Detroit Public Schools 3011 W. Grand Blvd., Detroit 17,329 Education
University of Michigan Main Campus, Ann Arbor 16,832 Education and research
University of Michigan Health System 1500 E. Medical Center Dr., Ann Arbor 16,551 Health care
U.S. Postal Service 1401 W. Fort St., Detroit 15,385 Postal service
U.S. Government 477 Michigan Ave., Detroit 15,328 Federal government
Henry Ford Health System 1 Ford Place, Detroit 15,139 Health care
St. John Health System 28000 Dequindre, Warren 14,288 Health care
City of Detroit 2 Woodward Ave., Detroit 13,762 City government
Trinity Health 27870 Cabot Dr., Novi 13,012 Health care
Beaumont Hostpitals 3601 W. 13 Mile Rd., Royal Oak 15,638 Health care
State of Michigan Cadillac Place, Detroit 11,177 State government
Detroit Medical Center 3800 John R., Detroit 11,003 Health care
Oakwood Healthcare Inc. 1 Parklane Blvd., Dearborn 7,515 Health care
DTE Energy 2000 Second Ave., Detroit 7,188 Energy company
Blue Cross Blue Shield of Michigan 600 E. Lafayette Blvd., Detroit 7,007 Health care
Electronic Data Systems (EDS) 500 Renaissance Center, Detroit 6,711 Information technology
Comerica 500 Woodard Ave., Detroit 6,169 Financial services
Wayne State University 658 W. Kirby, Detroit 5,046 Education and research
Wayne County 600 Randolph, Detroit 5,091 County government
Visteon 1 Village Center Dr., Van Buren Township 4,497 Automotive
Johnson Controls 49200 Halyard Dr., Plymouth 4,205 Automotive
Quicken Loans 20555 Victor Parkway, Livonia 3,923 Financial services

Historic highlights

B-24s under construction at Ford's Willow Run line.

President Franklin Roosevelt referred to Detroit as the "Arsenal of Democracy." The Ford Motor Company played a pivotal role in the allied victory during World War I and World War II.[120] With Europe under siege, Henry Ford's genius would be turned to mass production for the war effort. Specifically, the B-24 Liberator bomber, still the most produced allied bomber in history, quickly shifted the balance of power. The aviation industry could produce, if everything went all right, one Consolidated Aircraft B-24 Bomber a day at an aircraft plant. Ford would show the world how to produce one B-24 an hour at a peak of 600 per month in 24 hour shifts. Ford's Willow Run factory broke ground in the April 1941. At the time, it was the largest assembly plant in the world, with over 3,500,000 square feet (330,000 m2). Edsel Ford, Henry Ford's son, under stress, died in the Spring of 1943 of stomach cancer prompting Henry Ford to re-assume day-to-day control of the Ford Motor Company. Mass production of the B-24 began by August 1943. Pilots and crew slept on the 1,300 cots waiting to fly the B-24s as they rolled off the assembly line at Ford's Willow Run facility.[121]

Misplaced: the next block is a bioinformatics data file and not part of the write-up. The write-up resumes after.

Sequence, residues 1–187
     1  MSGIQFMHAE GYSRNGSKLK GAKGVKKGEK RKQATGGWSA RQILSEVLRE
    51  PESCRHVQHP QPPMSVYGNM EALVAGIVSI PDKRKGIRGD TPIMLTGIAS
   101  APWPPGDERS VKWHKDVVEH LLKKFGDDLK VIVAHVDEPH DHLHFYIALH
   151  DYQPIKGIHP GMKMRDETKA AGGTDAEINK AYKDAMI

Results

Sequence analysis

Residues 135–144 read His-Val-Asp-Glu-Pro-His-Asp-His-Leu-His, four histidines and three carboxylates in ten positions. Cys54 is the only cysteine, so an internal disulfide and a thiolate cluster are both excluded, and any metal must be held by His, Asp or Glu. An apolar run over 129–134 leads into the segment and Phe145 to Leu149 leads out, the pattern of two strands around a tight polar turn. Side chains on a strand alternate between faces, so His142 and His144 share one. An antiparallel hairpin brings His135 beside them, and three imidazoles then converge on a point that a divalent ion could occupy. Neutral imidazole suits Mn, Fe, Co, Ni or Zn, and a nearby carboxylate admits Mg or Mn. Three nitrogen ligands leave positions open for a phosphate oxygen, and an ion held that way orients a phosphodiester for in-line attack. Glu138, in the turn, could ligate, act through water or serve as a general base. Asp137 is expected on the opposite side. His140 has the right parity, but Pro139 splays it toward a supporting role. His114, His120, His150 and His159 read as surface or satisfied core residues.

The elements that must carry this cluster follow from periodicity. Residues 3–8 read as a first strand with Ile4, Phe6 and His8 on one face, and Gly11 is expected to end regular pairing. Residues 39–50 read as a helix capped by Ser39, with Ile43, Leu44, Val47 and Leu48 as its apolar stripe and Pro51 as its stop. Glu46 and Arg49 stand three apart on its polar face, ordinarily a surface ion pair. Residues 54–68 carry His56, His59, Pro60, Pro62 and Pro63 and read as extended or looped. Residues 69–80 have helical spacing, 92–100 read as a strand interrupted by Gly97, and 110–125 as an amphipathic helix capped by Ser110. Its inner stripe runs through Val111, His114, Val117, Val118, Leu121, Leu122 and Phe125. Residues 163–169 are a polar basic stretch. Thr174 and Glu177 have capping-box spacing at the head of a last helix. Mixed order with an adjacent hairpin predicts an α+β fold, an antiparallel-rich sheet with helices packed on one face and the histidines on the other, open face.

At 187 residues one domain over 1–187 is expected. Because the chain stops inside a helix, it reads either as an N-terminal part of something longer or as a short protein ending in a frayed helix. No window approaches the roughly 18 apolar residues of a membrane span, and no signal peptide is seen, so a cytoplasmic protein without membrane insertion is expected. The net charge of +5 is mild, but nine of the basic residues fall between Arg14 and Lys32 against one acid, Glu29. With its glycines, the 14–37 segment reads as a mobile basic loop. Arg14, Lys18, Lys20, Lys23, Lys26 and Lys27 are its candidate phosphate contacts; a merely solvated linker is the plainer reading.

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References and further reading

  • Bak, Richard (2001). Detroit Across Three Centuries. Thompson Gale. ISBN 1585360015. 
  • Bak, Richard (2003). Henry and Edsel: The Creation of the Ford Empire. Wiley ISBN 0471234877
  • Ballard, Charles L. (2006). Michigan's Economic Future: Challenges and Opportunities. Michigan State University Press. ISBN 0870137964. 
  • Ballard, Charles L., Paul N. Courant, and Douglas C. Drake (2003). Michigan at the Millennium. Michigan State University Press. ISBN 087136682. 
  • Cantor, George (2005). Detroit: An Insiders Guide to Michigan. University of Michigan Press. ISBN 0472030922. 
  • Davis, Michael W. R. (2007). Detroit's Wartime Industry: Arsenal of Democracy (Images of America). Arcadia Publishing. ISBN 0738551643. 
  • Fisher, Dale (2003). Building Michigan: A Tribute to Michigan's Construction Industry. Grass Lake, MI: Eyry of the Eagle Publishing. ISBN 1891143247. 
  • Fisher, Dale (2005). Southeast Michigan: Horizons of Growth. Grass Lake, MI: Eyry of the Eagle Publishing. ISBN 1891143255. 
  • Fisher, Dale (1994). Detroit: Visions of the Eagle. Grass Lake, MI: Eyry of the Eagle Publishing. ISBN 0-9615623-3-1. 
  • Gavrilovich, Peter and Bill McGraw (2000). The Detroit Almanac. Detroit Free Press. ISBN 0937247341. 
  • Hyde, Charles K. (2003). Riding the Roller Coaster: History of the Chrysler Corporation. Wayne State University Press. ISBN 0814330916. 
  • Iacocca, Lee (2007). Where Have All the Leaders Gone. Scribner. ISBN 1416532471. 
  • Poremba, David Lee (2003). Detroit: A Motor City History. Arcadia Publishing. ISBN 0-7385-2435-2. 
  • Poremba, David Lee (2001). Detroit in Its World Setting (timeline). Wayne State University. ISBN 0-8143-2870-9. 
  • Smith, Michael and Tom Featherstone (2001). Labor in Detroit (Images of America). Arcadia Publishing. ISBN 0738518964. 
  • Vlasic, Bill and Bradley A. Stertz (2000). Taken for a Ride: How Daimler-Benz Drove off with Chrysler. William Morrow & Company. ISBN 0688173055. 
  • Woodford, Arthur M. (2001). This is Detroit 1701-2001. Wayne State University Press. ISBN 0-8143-2914-4. 

External links